Morning Word

Guv Asks Feds to Delay Migrant Relocation to NM Due to Wildfires

Hermits Peak/Calf Canyon Fire grows amid red flag conditions

Gov asks feds to hold off on sending migrants to NM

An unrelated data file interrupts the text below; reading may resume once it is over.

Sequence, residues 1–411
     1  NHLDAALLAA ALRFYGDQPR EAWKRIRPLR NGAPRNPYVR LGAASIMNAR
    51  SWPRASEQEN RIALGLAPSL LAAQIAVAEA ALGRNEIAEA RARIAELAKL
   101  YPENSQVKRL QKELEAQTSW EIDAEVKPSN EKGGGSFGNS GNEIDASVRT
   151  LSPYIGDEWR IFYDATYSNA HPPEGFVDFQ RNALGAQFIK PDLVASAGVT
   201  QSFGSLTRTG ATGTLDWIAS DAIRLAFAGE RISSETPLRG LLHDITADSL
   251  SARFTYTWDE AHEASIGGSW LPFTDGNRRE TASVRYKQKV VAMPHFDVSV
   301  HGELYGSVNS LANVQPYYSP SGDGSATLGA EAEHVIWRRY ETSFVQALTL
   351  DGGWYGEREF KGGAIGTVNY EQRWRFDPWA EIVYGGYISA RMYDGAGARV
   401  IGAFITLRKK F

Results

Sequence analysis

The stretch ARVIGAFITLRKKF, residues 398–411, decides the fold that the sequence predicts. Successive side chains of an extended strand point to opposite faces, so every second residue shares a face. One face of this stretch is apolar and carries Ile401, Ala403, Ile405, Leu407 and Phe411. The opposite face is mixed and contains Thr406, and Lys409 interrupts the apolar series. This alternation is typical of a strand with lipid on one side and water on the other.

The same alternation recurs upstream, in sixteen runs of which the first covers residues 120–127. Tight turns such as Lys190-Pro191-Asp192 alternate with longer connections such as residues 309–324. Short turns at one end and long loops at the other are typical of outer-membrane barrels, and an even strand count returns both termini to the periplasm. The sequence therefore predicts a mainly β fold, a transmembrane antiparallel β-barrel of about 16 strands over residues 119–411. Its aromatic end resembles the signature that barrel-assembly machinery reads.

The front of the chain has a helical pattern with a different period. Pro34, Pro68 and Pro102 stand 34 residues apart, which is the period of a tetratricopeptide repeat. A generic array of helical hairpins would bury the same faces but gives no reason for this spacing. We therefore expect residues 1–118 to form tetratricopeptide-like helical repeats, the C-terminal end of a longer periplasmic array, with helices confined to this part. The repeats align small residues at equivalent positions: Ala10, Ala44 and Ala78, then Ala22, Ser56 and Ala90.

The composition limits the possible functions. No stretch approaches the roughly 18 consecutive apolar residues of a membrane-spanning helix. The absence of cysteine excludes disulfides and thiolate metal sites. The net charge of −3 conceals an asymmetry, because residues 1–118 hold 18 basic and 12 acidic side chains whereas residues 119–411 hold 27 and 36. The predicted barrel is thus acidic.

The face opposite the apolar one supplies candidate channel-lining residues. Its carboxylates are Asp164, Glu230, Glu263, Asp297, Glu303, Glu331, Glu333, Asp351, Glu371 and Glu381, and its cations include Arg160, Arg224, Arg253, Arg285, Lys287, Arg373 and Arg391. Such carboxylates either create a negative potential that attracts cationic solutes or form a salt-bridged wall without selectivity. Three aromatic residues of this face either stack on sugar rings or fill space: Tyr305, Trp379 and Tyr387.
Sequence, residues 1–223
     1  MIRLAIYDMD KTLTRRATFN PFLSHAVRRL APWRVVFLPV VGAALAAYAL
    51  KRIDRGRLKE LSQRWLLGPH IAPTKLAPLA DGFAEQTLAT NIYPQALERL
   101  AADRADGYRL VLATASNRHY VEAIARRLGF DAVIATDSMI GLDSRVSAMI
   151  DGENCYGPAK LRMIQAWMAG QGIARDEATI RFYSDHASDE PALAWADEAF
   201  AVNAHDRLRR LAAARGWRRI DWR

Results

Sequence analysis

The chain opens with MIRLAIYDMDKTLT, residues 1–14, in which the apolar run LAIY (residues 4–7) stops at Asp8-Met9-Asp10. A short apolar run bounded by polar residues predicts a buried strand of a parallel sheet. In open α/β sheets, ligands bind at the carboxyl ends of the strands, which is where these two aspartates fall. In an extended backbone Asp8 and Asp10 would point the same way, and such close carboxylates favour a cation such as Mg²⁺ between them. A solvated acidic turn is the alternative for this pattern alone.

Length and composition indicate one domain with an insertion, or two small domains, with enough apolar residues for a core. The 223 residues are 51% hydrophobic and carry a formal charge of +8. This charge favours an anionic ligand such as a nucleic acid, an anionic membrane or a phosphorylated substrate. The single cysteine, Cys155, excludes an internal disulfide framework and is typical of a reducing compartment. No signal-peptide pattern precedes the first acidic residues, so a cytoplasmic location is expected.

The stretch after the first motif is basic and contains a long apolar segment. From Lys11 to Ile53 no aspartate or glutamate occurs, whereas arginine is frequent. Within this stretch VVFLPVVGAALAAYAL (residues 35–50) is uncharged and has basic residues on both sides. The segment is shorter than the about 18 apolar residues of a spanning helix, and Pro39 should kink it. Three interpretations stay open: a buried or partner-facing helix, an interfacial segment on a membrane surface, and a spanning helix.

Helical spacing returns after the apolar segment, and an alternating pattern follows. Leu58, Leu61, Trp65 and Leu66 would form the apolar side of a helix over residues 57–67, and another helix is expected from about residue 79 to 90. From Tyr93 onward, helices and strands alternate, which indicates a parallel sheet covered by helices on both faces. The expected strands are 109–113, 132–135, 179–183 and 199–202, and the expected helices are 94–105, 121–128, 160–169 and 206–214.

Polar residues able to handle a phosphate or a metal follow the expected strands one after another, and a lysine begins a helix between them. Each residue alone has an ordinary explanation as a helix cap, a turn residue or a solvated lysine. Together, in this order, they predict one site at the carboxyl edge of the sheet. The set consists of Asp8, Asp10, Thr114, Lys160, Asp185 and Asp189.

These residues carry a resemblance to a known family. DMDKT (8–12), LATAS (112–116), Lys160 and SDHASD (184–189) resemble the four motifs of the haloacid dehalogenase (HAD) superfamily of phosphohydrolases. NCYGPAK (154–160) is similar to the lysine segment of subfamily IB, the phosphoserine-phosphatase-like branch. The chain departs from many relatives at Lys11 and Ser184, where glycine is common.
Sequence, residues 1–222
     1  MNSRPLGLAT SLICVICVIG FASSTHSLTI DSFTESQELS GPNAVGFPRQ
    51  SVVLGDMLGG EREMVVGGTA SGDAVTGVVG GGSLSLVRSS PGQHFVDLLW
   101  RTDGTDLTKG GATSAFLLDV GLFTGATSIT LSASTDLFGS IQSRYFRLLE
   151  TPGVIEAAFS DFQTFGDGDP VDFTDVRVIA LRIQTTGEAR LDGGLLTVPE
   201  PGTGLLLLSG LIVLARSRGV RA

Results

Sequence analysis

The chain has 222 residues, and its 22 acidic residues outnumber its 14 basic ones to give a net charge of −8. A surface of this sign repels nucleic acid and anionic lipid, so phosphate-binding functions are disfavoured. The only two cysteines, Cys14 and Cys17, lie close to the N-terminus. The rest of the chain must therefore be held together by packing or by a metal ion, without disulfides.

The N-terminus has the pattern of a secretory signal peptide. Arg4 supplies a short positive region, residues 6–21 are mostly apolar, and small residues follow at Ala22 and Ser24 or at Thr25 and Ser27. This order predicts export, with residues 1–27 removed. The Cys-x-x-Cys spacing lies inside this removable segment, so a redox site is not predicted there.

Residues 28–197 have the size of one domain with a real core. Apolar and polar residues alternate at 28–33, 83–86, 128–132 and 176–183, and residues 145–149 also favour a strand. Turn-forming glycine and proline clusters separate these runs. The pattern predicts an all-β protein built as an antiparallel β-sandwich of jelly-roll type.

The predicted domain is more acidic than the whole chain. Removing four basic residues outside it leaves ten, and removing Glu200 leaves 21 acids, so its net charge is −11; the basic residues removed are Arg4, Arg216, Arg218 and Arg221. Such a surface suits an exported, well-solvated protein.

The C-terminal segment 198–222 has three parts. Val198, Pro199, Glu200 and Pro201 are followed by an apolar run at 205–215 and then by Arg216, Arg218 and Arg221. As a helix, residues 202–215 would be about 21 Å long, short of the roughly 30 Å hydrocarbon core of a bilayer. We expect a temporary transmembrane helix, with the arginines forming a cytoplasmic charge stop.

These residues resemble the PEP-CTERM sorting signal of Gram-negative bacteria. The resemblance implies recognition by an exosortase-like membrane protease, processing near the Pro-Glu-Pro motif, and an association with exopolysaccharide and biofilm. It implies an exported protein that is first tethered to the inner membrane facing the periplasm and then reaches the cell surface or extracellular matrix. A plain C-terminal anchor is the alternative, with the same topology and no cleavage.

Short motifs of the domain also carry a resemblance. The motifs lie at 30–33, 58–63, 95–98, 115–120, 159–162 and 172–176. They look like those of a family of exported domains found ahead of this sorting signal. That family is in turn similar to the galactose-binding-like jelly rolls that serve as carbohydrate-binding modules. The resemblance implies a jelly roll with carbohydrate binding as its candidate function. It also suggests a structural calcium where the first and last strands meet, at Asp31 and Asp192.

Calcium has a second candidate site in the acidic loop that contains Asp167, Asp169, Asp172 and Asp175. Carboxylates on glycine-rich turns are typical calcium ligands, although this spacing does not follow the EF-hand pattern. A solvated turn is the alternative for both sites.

Gov. Michelle Lujan Grisham yesterday asked the US Department of Homeland Security to delay plans to send migrants to New Mexico, citing the impact wildfires are having on the state’s government and humanitarian resources. “The existing emergency arising from these wildfires has severely taxed state resources,” the governor writes in a letter to Homeland Security Secretary Alejandro Mayorkas. “I cannot allow communities in the state of New Mexico to shoulder additional burdens falling squarely within the federal government’s purview.” The letter comes as the Biden administration reportedly plans to transport migrants waiting on the southern border for immigration proceedings further into the country to relieve overcrowding at the border, according to internal documents obtained by NBC News. “While I understand the difficulty the Department faces in managing the flow of migrants at the southern border in the absence of comprehensive immigration reform,” Lujan Grisham writes, “I have serious concerns regarding the Department’s readiness to address the influx of individuals who are poised to enter New Mexico if further preparation is not undertaken.” Without such planning, she adds, “New Mexico (and other border states) will bear the brunt of adverse economic and social impacts that are likely to arise from the influx of migrants.” A spokesperson told NBC News “no decision has been made” on the plan as of yet.